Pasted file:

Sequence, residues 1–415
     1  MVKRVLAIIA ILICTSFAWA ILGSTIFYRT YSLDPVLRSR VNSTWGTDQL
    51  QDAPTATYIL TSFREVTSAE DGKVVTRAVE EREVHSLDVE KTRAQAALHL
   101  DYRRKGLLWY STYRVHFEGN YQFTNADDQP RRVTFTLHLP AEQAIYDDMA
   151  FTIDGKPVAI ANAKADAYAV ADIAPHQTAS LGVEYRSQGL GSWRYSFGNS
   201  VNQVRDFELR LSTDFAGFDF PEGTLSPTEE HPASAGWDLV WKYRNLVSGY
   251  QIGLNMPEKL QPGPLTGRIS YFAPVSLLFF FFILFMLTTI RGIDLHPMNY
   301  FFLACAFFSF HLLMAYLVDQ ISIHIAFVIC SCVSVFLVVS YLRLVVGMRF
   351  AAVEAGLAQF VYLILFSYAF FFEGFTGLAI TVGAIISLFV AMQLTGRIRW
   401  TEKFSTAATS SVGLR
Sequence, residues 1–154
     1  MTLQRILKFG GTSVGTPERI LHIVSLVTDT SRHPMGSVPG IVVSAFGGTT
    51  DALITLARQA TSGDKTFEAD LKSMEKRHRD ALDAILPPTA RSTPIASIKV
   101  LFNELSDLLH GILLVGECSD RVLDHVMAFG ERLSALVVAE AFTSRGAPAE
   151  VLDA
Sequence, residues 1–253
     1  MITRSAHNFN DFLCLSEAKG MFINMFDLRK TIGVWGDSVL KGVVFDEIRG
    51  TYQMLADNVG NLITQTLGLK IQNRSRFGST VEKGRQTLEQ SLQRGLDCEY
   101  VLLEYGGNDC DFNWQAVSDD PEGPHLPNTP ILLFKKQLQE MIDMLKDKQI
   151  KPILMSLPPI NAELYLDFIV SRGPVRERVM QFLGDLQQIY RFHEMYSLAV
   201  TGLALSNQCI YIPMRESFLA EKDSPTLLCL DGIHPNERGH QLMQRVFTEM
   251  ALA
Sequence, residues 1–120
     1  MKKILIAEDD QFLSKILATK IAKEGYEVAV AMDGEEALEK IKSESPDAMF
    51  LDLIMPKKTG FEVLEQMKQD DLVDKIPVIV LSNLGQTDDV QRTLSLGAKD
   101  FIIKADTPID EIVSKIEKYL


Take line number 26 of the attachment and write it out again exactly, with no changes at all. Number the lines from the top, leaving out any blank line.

   101  FIIKADTPID EIVSKIEKYL